UPDATE 2019-06-28: THIS STORY HAS NOW BEEN CORRECTED WITH RIGHT VESSEL. See below.
Yesterday, we received a tip that the submarine pipelines between the floating SBM’s and the refinery in Baniyas, Syria, had been “sabotaged”. Initial images presented by Syrian TV news channels showed gaping holes in the pipelines. The SBM’s accept the crude oil and refined products from tankers in deeper waters because the port is too shallow for them to dock/moor.
Today, the General Organization of Radio and TV showed a video of divers addressing the “sabotaged” pipelines by welding them shut in order to restore their operation at soonest. One can even see small amounts of oil leaking into the sea. In our observations, most pipelines that get blown up on land take around 5 days to replace. We have seen this in Libya, Iraq and Iran. Based on the video footage, we believe it may take only a few more days for Syria to get these back on track and likely a few more to test before accepting the next load of Iranian oil.
We see that the STARK I (previously mistaken as SABITI as they have the same exact visual characteristics; a perfect match, but AIS data was lacking on both vessels), based on the satellite imagery. What’s really surprising is that this vessel has been offline since May 12th, 2019. She was last sighted empty off the island of Larak, located by the Strait of Hormuz. The vessel then re-appeared south of the Suez Canal on June 19th and sailed through the canal. Once the STARK I came out of the Suez Canal the following day, the crew switched off her AIS transponder again.
The question now is: Was this a retaliatory attack for what happened recently in the Gulf of Oman? The significance of these pipelines is that Iran won’t be able to deliver crude oil to Syria. If they can’t do that, then there’ll either be a growing floating storage off Syria’s coastline (much doubt about that) or Iran will have to pause deliveries. It also sends a signal to Iran that their vessels might be a target, so we expect to see heightened security in the form of more navy/coast guard presence; be it Syrian or Russian for that matter.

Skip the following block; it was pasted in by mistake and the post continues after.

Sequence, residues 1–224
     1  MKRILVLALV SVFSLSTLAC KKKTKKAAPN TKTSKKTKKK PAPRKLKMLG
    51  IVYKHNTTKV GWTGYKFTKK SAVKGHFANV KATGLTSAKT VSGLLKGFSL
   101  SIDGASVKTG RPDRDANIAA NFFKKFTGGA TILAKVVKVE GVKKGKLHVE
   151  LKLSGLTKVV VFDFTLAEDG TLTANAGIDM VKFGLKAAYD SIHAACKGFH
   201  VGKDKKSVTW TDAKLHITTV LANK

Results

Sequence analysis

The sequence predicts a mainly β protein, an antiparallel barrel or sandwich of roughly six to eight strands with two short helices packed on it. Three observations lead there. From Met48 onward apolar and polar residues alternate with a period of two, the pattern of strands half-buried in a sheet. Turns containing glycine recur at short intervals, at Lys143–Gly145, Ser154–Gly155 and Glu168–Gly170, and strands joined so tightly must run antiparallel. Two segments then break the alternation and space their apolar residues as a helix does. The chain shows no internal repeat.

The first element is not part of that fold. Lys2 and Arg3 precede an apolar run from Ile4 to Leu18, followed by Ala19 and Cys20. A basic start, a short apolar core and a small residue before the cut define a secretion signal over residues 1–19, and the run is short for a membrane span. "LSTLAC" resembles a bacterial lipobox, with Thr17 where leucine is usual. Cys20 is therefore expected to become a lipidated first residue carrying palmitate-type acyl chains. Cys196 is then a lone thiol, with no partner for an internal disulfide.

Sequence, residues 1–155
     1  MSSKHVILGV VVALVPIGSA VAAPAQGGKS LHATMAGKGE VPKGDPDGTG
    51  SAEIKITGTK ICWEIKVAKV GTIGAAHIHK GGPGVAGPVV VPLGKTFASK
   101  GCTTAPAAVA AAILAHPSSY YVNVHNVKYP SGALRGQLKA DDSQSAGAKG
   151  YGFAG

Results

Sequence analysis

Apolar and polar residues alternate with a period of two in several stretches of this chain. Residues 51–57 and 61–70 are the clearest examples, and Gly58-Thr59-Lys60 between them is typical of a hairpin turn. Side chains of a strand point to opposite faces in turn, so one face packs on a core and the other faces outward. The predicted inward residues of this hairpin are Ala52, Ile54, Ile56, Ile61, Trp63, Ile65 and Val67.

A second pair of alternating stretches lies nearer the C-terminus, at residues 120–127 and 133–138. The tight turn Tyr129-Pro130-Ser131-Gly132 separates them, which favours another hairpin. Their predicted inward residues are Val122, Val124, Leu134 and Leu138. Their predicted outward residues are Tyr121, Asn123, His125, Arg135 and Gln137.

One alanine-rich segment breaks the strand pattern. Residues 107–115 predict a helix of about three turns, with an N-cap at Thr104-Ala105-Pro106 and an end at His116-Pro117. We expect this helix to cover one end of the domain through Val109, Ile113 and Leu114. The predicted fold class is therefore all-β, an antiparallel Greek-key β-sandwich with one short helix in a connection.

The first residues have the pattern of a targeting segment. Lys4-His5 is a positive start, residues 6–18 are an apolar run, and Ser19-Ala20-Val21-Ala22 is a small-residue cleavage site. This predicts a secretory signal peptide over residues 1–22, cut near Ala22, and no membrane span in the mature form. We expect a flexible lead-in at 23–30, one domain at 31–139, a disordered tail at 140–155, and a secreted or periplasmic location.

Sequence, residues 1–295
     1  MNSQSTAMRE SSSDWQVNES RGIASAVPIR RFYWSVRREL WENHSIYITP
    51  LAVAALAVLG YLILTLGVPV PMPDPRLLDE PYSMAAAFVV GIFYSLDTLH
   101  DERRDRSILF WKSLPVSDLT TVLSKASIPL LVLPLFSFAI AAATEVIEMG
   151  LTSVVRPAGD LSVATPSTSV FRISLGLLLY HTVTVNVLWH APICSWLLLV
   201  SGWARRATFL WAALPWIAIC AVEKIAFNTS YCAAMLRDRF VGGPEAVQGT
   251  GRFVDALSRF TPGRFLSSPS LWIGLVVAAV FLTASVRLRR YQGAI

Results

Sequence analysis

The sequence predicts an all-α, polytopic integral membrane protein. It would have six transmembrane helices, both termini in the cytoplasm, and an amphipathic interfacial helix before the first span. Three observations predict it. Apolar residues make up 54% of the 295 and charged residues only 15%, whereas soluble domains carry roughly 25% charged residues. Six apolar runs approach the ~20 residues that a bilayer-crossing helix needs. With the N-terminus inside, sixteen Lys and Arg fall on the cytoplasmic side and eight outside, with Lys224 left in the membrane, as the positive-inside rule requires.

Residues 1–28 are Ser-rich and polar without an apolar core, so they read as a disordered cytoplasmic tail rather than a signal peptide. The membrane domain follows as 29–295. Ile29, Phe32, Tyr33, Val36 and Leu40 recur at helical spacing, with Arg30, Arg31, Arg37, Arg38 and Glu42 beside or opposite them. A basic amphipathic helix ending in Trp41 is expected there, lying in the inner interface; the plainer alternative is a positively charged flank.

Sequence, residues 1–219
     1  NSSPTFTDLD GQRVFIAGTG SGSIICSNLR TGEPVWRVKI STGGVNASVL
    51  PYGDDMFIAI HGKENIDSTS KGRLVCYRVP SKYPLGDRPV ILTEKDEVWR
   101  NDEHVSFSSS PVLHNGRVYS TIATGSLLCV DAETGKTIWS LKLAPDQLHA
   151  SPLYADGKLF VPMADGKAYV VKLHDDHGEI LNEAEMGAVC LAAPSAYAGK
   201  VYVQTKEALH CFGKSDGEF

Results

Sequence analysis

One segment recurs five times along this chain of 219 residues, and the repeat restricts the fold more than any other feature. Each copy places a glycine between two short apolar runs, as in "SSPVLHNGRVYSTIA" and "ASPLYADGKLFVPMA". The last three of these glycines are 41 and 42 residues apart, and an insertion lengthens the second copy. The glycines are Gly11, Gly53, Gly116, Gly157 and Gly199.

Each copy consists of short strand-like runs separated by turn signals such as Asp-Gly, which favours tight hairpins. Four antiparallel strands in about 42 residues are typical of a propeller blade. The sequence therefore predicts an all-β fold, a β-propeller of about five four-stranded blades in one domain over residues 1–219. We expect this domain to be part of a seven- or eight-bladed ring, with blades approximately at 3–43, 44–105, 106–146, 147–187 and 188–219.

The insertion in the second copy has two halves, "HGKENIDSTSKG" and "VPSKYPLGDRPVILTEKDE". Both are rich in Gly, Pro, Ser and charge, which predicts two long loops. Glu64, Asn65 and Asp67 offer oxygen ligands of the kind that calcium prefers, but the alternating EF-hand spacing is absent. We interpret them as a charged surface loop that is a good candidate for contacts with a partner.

PS: Remember the TOUR 2 tanker which was beached in Latakia in mid-January? She has finally been able to leave Syria and is heading north to Tuzla, Turkey. Tuzla has a dockyard there where they will probably work on getting her back in ship-shape. Her AIS transponder came back on this morning. We can also see that she just underwent a flag change, from Panama to Iran.
UPDATE 2019-06-27: We can see on today’s Planet Labs satellite imagery that the STARK I has sailed straight up to one of the delivery SBM’s to discharge her million barrels of crude oil. However, it seems that the pipeline beneath her still isn’t welded shut, and reparations might almost be complete. Over the past few days, they went from at least 3 visible leaking pipelines to 2 today. This delivery may take a few more days to complete. Here is also our preliminary barrels-per-day chart. It is based on delivery being initiated at end of the month, by latest.
UPDATE 2019-07-02: It seems that the submarine pipelines may have now been restored as we can see that the STARK I has departed and some of the storage tank lids at the refinery have risen. This implies that more tankers may likely arrive. We have a couple of candidates that may be currently sailing with AIS switched off around the Arabian Peninsula. We’ll hopefully find out over the coming week.